Chinchilla With Watery Eye

For two months, a chinchilla with a watery eye condition has baffled its owner and two veterinarians.

Q: I am very concerned about my chinchilla. About two months ago, he developed a watery eye with a little bit of white discharge at the corner. I took him to the vet straight away. The vet said not to worry, it was only a minor eye infection. He prescribed an eye cream. I applied the eye cream to my chinchilla’s cornea, as instructed, for nearly a month. His eye did not seem to get better or worse.

I then removed my chinchilla’s dust bath, thinking maybe the dust caused the problem. Nothing happened, other than the fact that my chinchilla seemed annoyed that I took his bath away.

After much searching, I took my chinchilla to a different veterinarian. This new vet was very caring, he spent almost an hour with us, but he wasn’t sure what was causing the problem. He said he couldn’t see anything in the eye that could cause irritation, and there doesn’t seem to be any pressure on the eye either. He recommended an exotics specialist, who can check for malocclusion.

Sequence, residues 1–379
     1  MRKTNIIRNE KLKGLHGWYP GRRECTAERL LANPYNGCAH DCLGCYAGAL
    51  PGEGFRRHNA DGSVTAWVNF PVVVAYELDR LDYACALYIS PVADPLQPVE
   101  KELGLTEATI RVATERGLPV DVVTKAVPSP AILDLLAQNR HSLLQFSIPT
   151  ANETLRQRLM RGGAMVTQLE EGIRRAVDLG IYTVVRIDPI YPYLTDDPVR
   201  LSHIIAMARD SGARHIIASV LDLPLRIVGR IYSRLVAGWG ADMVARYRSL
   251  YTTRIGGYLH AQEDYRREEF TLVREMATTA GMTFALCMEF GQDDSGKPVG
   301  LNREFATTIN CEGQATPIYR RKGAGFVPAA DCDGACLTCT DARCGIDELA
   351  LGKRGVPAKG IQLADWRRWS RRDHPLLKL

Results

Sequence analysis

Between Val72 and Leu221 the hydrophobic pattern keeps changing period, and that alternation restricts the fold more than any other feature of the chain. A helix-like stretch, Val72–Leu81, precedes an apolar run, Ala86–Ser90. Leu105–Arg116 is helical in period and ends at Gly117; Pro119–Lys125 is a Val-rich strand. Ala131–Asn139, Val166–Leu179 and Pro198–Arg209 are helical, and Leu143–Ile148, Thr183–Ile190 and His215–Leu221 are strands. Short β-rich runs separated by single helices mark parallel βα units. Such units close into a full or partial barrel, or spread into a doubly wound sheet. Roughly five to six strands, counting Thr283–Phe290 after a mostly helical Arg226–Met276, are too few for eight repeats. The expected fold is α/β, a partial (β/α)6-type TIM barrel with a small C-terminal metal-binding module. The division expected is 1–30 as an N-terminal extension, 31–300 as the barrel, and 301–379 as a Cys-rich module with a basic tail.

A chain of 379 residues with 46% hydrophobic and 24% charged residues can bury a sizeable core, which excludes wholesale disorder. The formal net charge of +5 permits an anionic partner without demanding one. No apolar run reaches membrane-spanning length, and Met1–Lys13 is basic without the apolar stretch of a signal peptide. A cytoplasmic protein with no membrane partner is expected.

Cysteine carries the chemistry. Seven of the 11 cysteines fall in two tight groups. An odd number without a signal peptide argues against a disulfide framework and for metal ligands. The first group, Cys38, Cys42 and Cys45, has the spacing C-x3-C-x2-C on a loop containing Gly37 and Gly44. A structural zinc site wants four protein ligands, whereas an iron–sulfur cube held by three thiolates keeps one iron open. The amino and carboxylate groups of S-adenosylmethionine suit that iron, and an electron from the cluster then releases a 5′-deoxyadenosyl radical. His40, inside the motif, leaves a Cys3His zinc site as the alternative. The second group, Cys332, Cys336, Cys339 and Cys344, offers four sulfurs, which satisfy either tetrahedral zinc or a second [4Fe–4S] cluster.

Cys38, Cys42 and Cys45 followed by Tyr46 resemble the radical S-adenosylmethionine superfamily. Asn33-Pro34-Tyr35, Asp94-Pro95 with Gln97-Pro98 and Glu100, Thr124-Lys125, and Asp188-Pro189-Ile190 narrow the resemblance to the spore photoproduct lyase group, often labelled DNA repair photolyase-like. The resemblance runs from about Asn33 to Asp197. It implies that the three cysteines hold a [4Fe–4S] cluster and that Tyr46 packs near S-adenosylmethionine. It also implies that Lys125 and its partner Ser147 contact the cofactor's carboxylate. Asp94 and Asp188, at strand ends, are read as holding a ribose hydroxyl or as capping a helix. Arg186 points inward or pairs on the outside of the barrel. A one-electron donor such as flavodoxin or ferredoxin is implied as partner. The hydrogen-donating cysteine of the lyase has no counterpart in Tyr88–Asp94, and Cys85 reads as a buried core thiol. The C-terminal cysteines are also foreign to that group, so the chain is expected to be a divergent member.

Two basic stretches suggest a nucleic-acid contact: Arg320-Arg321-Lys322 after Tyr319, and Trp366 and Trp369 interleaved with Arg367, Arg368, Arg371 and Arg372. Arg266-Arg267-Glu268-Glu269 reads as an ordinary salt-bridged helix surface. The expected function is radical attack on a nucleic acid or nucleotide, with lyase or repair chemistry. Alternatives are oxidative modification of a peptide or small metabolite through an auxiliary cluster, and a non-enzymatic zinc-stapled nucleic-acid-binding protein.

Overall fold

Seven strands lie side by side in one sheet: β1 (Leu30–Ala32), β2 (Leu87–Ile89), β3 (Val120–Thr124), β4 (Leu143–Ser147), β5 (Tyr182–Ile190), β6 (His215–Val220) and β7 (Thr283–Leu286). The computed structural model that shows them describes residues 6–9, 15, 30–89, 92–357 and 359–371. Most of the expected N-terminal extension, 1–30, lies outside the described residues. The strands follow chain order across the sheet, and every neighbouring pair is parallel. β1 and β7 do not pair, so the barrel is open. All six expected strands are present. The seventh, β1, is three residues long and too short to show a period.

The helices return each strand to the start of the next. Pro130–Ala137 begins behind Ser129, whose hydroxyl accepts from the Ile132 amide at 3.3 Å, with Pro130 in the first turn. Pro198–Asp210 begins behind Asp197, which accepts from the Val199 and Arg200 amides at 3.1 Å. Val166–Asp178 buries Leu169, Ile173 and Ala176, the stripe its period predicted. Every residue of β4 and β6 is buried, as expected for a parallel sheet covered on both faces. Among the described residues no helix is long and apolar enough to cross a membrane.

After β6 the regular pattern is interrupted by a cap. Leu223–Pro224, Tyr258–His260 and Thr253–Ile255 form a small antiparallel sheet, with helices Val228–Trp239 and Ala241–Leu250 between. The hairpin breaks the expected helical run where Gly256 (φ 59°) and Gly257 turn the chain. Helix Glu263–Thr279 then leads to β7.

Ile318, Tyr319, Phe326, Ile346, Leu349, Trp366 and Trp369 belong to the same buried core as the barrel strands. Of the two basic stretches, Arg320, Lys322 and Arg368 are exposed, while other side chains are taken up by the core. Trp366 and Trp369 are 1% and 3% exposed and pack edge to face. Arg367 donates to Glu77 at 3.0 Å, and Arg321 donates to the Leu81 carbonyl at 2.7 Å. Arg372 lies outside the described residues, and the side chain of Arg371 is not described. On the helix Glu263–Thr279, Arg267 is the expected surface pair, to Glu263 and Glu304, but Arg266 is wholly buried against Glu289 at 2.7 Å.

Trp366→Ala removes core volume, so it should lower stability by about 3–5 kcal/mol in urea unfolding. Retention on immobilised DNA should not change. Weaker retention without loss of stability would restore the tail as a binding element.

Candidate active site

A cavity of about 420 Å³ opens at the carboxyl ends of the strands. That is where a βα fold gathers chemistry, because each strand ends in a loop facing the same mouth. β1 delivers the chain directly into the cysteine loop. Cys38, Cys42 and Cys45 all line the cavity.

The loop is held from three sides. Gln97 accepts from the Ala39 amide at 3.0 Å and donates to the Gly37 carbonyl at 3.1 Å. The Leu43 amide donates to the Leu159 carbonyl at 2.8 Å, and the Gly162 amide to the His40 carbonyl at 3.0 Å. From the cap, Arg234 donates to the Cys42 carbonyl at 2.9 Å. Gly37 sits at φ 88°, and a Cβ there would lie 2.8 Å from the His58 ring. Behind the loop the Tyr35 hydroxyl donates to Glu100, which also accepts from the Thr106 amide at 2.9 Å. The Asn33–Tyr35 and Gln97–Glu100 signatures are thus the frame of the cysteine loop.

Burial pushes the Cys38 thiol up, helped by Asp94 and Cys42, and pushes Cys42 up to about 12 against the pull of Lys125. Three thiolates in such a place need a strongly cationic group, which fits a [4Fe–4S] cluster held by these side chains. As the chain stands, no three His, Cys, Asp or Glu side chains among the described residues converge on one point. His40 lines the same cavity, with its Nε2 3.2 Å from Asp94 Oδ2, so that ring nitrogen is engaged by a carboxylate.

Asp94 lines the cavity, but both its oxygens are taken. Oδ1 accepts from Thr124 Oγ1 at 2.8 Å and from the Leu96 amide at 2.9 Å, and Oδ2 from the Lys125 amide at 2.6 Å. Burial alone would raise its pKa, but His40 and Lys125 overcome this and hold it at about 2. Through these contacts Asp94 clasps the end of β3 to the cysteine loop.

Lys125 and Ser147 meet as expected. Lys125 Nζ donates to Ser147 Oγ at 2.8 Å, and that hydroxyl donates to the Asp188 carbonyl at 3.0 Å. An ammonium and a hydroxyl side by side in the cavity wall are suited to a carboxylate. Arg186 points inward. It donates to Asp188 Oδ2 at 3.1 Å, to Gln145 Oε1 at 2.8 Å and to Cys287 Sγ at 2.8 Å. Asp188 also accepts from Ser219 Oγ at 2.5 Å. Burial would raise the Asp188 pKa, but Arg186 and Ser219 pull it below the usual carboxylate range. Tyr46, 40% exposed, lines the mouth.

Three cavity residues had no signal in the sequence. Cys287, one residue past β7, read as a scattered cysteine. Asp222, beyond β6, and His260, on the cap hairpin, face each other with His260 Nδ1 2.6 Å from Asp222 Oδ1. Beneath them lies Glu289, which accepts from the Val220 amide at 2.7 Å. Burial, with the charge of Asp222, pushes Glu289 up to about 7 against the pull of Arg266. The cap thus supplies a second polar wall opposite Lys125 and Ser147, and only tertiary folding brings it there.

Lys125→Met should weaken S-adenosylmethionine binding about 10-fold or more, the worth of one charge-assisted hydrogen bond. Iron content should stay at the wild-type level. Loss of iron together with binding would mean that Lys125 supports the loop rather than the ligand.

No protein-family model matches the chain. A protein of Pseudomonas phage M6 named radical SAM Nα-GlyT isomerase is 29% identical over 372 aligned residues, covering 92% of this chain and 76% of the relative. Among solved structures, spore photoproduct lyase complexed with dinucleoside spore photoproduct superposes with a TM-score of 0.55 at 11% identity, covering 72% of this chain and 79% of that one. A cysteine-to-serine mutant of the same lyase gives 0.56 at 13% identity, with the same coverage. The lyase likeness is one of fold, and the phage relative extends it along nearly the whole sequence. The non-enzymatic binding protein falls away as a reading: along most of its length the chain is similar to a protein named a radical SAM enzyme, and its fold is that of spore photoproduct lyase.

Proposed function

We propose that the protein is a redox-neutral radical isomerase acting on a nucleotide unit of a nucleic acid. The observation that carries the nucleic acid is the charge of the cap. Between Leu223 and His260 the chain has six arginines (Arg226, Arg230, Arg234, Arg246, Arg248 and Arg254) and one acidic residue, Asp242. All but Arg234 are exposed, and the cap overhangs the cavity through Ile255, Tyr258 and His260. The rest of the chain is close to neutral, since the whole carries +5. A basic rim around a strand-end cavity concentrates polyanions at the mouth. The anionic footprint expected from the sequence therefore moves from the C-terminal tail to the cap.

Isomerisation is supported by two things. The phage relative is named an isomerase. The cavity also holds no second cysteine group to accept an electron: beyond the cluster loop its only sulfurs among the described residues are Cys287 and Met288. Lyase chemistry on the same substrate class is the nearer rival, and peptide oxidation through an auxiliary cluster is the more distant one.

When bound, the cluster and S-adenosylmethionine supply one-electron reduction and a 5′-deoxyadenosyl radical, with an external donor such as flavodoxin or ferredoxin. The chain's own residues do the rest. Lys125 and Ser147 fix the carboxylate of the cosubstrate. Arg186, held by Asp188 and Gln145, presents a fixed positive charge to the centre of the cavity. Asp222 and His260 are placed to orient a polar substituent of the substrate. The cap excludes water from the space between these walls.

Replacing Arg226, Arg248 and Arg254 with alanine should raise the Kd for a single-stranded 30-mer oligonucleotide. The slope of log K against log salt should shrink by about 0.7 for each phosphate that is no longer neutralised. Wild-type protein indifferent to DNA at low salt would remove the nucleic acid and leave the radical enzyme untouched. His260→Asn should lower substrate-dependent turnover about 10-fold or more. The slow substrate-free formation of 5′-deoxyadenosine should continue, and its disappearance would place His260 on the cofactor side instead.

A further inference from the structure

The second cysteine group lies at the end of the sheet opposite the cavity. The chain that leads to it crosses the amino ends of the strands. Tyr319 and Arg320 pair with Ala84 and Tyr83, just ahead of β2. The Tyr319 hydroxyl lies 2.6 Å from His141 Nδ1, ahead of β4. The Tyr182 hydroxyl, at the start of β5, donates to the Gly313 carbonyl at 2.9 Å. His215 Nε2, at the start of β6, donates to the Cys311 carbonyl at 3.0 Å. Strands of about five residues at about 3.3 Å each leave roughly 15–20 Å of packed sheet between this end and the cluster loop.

I’ve researched malocclusion. My chinchilla is not drooling, he is eating normally, he is just as energetic as before, and he is using both sides of his teeth when chewing. He does grind his teeth, but not often. He doesn’t seem to be in any pain.
What do you think? Could it possibly be malocclusion? Should I continue with the eye cream, or perhaps try eye drops instead? I don’t want to take him to the specialist unless it is necessary. The clinic is a four-hour drive away, and I’m afraid that might cause him too much stress.

A: The advice from your second veterinarian makes a lot of sense. In rare cases, the only sign of malocclusion is eye tearing. This occurs because the root or roots of the upper cheek teeth overgrow and cause a blockage of the duct that drains the tear fluid from the eye. If this duct is blocked, tears build up around the eye. This may happen, rarely, with no other signs of malocclusion, such as tooth grinding or slobbers.

This could also be an infection that has not responded to the medication you received.

You have a few choices. You could ask your veterinarian to suggest another type of eye medication to see if this clears up the problem in your chinchilla. If this does not help, then consider bringing your chinchilla to the exotics doctor that your veterinarian recommended. Or you might want to find a veterinary eye doctor who can also examine your chinchilla’s eye.

Article Categories:
Chinchillas · Critters